Over on RockPaperShotgun, I talk about five games (of seventy-nine) that I thought were particularly strong this year. If you’d like to play comp games and rate them, you’ve still got until November 15 — and with so many games in the mix, judges are extremely welcome.
IF Comp is on, and you have another month or so to play and rate the games. This year’s selection of games is properly enormous — a record-breaking 79 entries. (The ceiling used to be in the region of 50, so this is a big jump.) That collection includes a rich selection of parser and choice-based games in many different styles; reappearances by some established authors alongside plenty of new names; and three translations of Chinese interactive fiction, which I think may be a first for the Comp. I see lots of fantasy, horror, and SF as well as slice-of-life; not as much mystery as there are in some years.
If you want a look, here are some resources for you:
The Short Game podcast provides an introduction to the competition, including explaining what the competition is for people who aren’t familiar with it at all.
This post breaks down the games by genre and play style, while this subforum at the intfiction forum has discussion threads for many of the individual games.
Some blogs running reviews wind up on Planet-IF. This thread also allows people to link to their own reviews.
This year, the Comp allows judges not only to leave ratings but to add a few lines of feedback to the author. That’s a nice option if you have something private to say or don’t want to write a full review — authors very much value getting responses to their work — though please remember to be polite and constructive, and mind the guidelines for judges.
Balefires Burning is a Twine story about a girl nearing the age of initiation in a village that practices witchcraft. She is in love with a young man who, though not a blood relative, is off-limits for other reasons of clan tradition. The text (as shown) is formatted like poetry, which initially felt a bit self-important, especially when I encountered dialogue arranged that way. This put me off the first time I tried the piece.
On a second try, I got used to the format as I read, and came to see it as representing the narrator’s ritual-inflected perspective on the world, where everything that happens is keyed into traditional practices and calendars. Meanwhile, the writing also accomplishes quite a bit else with its space — communicating the protagonist’s problem, introducing half a dozen or so additional characters, getting us familiar with the setting, suggesting the natural beauty of this world.
The piece feels very influenced by young adult genre fiction (and I notice the game is tagged as “teen fiction”). I found myself wishing for just a bit more edge to the fantasy in a couple of respects.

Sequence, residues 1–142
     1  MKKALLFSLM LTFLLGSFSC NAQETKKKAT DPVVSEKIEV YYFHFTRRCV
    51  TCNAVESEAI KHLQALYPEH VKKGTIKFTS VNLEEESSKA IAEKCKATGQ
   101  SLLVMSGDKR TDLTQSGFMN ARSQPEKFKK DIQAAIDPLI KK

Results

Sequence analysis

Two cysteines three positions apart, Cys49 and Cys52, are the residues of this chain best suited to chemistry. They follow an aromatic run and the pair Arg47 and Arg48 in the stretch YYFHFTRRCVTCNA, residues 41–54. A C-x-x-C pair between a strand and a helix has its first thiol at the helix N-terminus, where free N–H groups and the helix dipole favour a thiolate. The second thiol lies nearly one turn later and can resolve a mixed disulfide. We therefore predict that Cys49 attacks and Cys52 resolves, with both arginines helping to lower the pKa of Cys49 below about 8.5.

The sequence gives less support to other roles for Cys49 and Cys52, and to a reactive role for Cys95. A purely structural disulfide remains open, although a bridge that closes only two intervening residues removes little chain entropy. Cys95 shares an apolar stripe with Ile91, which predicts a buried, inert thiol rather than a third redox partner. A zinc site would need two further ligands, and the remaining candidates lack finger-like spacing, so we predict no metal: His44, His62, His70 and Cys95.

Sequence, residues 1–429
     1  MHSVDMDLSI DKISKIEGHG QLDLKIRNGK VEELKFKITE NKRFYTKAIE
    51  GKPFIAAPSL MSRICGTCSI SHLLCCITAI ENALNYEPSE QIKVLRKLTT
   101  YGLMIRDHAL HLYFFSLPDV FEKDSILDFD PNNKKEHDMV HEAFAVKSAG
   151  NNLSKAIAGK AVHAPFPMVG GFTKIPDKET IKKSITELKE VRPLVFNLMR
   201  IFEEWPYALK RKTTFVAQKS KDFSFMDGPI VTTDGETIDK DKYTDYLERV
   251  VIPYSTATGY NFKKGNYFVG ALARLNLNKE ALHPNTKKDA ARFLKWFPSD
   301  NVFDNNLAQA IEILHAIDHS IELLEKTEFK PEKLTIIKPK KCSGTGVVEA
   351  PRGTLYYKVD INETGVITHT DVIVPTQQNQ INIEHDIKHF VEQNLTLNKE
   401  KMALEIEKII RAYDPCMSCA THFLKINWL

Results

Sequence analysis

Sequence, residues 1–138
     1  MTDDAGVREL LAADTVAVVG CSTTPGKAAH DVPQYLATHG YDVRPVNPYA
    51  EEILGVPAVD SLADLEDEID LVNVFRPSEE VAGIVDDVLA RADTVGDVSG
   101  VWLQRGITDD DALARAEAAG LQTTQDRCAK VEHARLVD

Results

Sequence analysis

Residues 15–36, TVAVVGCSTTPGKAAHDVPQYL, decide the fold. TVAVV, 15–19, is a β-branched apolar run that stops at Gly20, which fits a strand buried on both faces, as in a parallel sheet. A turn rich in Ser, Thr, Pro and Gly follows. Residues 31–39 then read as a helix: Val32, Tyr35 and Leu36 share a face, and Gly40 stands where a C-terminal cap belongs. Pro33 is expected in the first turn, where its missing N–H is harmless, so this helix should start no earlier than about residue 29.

Not Quite a Sunset describes itself as a hypertext opera, a research project into allowing the player to influence how the music changes and evolves, together with the plot of a story. I had a weird time with it, and I’ll describe what that experience was, but I’m not sure the results deserve to be called an actual review.
I am not an expert in music, and post-Wagner opera I would identify as particularly a weak point of mine: I’ve seen Akhnaten in person, heard a little other Glass here and there, and that’s about it. I don’t feel equipped to comment on the form of the opera, nor about how interactivity might affect that form.
What I can say, in my musically uninformed way, is that the music in this game had a primacy that soundtracks usually do not. Individual instruments stand out. There is an articulate quality to the tune. The game’s blurb describes it as “a story with a soundtrack,” but what I experienced from it was very much not that; soundtracks fade to the back, supporting. What I experienced was a musical piece sufficiently interesting that I had a hard time concentrating simultaneously on the longish blocks of science fiction that accompany the opening.
Looking at a couple more Spring Thing games: this time, it’s Ted Strikes Back and Enlightened Master.
Ted Strikes Back is a sequel to Anssi Räisänen’s Ted Paladin and the Case of the Abandoned House, which I reviewed when it was in the 2011 IF Comp. The conceit is that the protagonist is aware of being the hero of a text adventure, and must struggle with the resulting constraints. In Ted Strikes Back, some of Ted’s verbs have been stolen from him, which leads to exchanges like so:
> open wardrobe
The verb ‘open’ is not in your vocabulary.
Flabbergasted, you stare at the error message above. You certainly do know the verb ‘open’. What has
The puzzles, in other words, are about how to deal with situations that could only arise in the context of a text adventure.
This is definitely a piece aimed at parser IF fans who’ve been around since the rec.arts.int-fiction days. It responds to XYZZY; it features an old-fashioned maze with a trick solution; it jokes about parser game surrealism in a way that’s likely to make the most sense if you played For a Change (Dan Schmidt, 1999), So Far (Andrew Plotkin, 1996), or some of the other lesser-known works that borrowed the same ideas. I also ran into easter egg references to Christminster (Gareth Rees, 1995) and The Meteor, The Stone, and A Long Glass of Sherbet (Graham Nelson, 1996), and I suspect there’s probably more of that kind of reference to be found.
Spring Thing 2017 is now launched, with fifteen Main Festival entries and seven Back Garden items, including Twine, ink, Inform, Quest, Texture, ALAN, and Squiffy works. I haven’t been through nearly all of them yet, of course, but here are thoughts on two: Bobby and Bonnie and Niney.
Bobby and Bonnie is a parser IF game with a couple of rabbit protagonists, illustrated with map and compass to help you follow along: